Time after time, we’ve seen ways that celebrities are just like us, and apparently that includes being on their bullsh*t about relationships. In a new interview with British Vogue, Emma Watson discussed how she’s feeling about life just a few months before her 30th birthday. Personally, I still think of Emma Watson as a 16-year-old Hogwarts student with frizzy hair, so it’s pretty jarring that she’s almost out of her 20s. Like, I feel very old right now. But anyway, back to her interview. She told the magazine that while she didn’t used to understand the big deal about turning 30, she started to feel it once she turned 29 earlier this year. She said, “If you have not built a home, if you do not have a husband, if you do not have a baby, and you are turning 30, and you’re not in some incredibly secure, stable place in your career, or you’re still figuring things out… There’s just this incredible amount of anxiety.”
Wow, so I feel like Emma Watson didn’t need to personally come for me like that, but I guess it’s comforting that even a huge celebrity like her feels the same societal pressure to have your sh*t together. But also, if Emma Watson does not consider herself at a stable place in her career, then what the f*ck am I doing? But from there, Emma Watson talked a bit more about her view on relationships, and that’s where she lost me. She said that it took her a long time to believe that anyone is really happy without a partner, but now said, “I’m very happy [being single]. I call it being self-partnered.”
Self-partnered? Really? I have a tendency to be kind of cynical when it comes to relationship talk, but this just made my eyes do a full 360-degree roll. I’m happy that Emma Watson is in a good place with herself, but this feels like some Goop “conscious uncoupling” type of bullsh*t. If there’s really nothing wrong with being single, just say you’re single! I can’t speak for everyone, but I’ve never thought of “single” as any kind of insult or negative concept, just a descriptive word to describe a relationship status (or lack thereof). So coming up with a fancier word that means the exact same thing doesn’t actually change the way you feel about your relationship status. If you’re sad about being single, you’re not going to feel any better about your self-partnership.
This need to rename and rebrand normal concepts like breakups and being single as fulfilling, spiritual journeys is a trend that’s popped up frequently in the social media era, when people are desperate to show that everything they do has substance. While I often just laugh at the pretentious language that influencers spout and keep scrolling, it’s not always so trivial. Just look at the whole idea of “wellness” and “self-care.” Sorry, but ordering $40 of food from Seamless for dinner isn’t some kind of radical statement about loving yourself, it just means you weren’t in the mood to cook dinner. Sometimes it’s just not that deep. These Instagram buzzwords originated as trendy ways to describe simple concepts around health and fitness, but they’ve contributed to a society that now spends trillions of dollars every year on wellness products, most of which don’t actually work (looking at you, Flat Tummy Tea).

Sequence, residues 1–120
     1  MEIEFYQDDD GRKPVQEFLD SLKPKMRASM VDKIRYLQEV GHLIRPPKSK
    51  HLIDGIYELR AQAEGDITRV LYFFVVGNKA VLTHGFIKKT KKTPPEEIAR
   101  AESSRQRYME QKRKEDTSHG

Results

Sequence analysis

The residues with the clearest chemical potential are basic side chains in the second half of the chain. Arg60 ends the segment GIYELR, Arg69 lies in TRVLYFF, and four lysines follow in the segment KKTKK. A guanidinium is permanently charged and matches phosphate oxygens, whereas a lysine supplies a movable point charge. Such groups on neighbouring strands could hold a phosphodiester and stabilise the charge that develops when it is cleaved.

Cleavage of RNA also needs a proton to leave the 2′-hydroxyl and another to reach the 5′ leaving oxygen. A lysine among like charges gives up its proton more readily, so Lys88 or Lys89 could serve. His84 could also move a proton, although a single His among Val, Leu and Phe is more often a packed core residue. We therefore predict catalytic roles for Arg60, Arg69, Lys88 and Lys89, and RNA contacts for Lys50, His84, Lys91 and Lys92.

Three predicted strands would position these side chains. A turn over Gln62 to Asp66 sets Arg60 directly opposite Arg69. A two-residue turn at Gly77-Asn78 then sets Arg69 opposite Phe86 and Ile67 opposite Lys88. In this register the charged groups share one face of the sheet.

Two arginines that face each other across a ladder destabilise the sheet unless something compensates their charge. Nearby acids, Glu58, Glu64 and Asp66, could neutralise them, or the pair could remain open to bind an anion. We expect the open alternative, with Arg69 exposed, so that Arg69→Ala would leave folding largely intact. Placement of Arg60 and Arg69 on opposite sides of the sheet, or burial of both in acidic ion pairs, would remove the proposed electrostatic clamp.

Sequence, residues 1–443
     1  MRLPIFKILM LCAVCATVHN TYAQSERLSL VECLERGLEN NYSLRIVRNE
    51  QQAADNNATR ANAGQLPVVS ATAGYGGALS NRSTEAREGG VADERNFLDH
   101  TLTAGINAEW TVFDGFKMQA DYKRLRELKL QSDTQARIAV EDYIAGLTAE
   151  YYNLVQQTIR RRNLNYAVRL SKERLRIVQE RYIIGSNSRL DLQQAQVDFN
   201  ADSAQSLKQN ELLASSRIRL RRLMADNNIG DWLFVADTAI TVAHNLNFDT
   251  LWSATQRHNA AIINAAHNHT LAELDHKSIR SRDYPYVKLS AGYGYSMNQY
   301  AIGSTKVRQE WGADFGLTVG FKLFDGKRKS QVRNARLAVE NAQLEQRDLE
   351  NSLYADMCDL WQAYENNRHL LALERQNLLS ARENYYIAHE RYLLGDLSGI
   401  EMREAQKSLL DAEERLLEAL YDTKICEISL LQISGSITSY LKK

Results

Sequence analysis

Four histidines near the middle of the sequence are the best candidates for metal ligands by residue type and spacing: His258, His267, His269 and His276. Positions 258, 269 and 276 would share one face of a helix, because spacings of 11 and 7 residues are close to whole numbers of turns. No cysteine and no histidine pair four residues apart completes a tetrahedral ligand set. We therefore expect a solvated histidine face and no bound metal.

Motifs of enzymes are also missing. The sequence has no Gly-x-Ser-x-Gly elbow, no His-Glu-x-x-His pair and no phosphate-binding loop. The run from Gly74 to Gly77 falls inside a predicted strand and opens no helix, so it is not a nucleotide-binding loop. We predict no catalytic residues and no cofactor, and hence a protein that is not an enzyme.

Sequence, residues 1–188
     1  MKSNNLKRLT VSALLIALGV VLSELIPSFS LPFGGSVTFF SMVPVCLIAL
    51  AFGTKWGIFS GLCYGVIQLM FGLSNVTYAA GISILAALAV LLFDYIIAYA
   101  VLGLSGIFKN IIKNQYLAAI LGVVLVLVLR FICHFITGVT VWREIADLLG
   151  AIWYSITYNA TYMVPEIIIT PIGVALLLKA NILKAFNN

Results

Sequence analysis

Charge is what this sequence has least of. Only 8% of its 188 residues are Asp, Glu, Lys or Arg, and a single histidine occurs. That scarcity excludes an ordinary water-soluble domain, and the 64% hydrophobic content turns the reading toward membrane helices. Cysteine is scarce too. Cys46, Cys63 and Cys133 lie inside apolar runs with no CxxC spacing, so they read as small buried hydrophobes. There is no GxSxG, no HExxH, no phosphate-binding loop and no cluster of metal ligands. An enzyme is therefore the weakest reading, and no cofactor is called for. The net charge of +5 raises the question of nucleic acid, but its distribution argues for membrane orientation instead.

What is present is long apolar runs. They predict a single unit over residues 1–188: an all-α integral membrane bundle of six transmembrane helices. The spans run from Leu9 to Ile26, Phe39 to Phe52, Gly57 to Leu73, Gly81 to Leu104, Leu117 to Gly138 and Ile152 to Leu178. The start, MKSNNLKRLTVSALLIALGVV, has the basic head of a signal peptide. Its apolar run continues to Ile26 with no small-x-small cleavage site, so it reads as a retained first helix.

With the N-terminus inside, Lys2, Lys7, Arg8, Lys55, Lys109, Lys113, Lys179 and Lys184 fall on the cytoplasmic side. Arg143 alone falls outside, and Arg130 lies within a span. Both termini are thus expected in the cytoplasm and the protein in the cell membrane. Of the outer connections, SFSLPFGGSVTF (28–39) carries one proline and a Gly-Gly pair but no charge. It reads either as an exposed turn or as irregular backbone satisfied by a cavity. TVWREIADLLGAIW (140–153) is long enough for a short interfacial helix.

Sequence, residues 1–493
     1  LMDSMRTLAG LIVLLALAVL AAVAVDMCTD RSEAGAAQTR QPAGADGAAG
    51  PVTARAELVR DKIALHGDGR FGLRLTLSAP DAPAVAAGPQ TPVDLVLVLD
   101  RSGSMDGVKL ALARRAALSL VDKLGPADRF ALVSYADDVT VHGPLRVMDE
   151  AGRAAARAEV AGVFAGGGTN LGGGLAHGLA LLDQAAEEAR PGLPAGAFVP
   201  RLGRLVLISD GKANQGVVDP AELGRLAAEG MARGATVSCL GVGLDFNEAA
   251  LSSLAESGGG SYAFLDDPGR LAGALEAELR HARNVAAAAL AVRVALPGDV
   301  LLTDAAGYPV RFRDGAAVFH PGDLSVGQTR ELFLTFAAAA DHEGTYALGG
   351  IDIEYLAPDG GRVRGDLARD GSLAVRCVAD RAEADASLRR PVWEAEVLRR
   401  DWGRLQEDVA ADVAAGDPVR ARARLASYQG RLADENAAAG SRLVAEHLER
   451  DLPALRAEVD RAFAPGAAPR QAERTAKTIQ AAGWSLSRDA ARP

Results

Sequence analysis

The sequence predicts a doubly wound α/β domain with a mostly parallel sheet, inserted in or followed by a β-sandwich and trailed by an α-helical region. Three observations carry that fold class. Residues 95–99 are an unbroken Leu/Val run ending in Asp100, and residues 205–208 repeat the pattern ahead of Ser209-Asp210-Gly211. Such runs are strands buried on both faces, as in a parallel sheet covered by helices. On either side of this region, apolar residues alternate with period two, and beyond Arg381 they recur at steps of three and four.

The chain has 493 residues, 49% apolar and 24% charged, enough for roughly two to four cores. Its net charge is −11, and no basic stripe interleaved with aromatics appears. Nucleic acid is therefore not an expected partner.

The temptation to rebrand familiar concepts with Instagram-friendly terms isn’t limited to wellness. Earlier this year, Cosmopolitan declared that “zombie-ing” was the newest dating trend, supplanting ghosting as the behavior that sh*tty men could be expected to exhibit. As we pointed out, though, zombie-ing was quite similar to haunting, a term originated in 2016, and even then, the concept of a guy ghosting you then not leaving you alone wasn’t new. It can be fun to use new terms to describe a behavior, but there’s no reason to pretend that the behavior has not been done before.
Now, I’m not blaming Emma Watson for the toxic wellness culture in our society, or for Cosmo reinventing the wheel with their dating terms, and she didn’t even really do anything wrong here, but I still think the idea of self-partnership is dumb. Since her interview came out, she’s gotten unnecessary hate from plenty of sad white men on social media, who claim that she’s just too ugly or annoying to get a man. Yeah… I can objectively say: no. Emma Watson is gorgeous, her humanitarian work speaks for itself, and I’m sure she’s richer than any of us ever will be. I don’t think she’ll have any problem getting a man whenever she’s not feeling her self-partnership anymore.
Even if you are Emma Watson, telling people your partner is Emma Watson is pretty impressive. https://t.co/SJvNXcgpDo
— Michelle Milliken (@MichelleyM) November 5, 2019
But many more fans have taken to social media to applaud Emma’s attitude about relationships, saying that she’s helped them feel better about their own relationship situation, and that they too will refer to themselves as self-partnered from now on. Objectively, in the big picture, this is a good thing. So many people struggle with depression and mental health issues, and if Emma Watson’s words help them through a tough time, that’s great. But in general, we should focus more on how we’re feeling, rather than which empty buzzword we use to reframe those feelings. At the end of the day, single is single, and there’s nothing wrong with it.
Images: Jstone / Shutterstock.com; michelleym / Twitter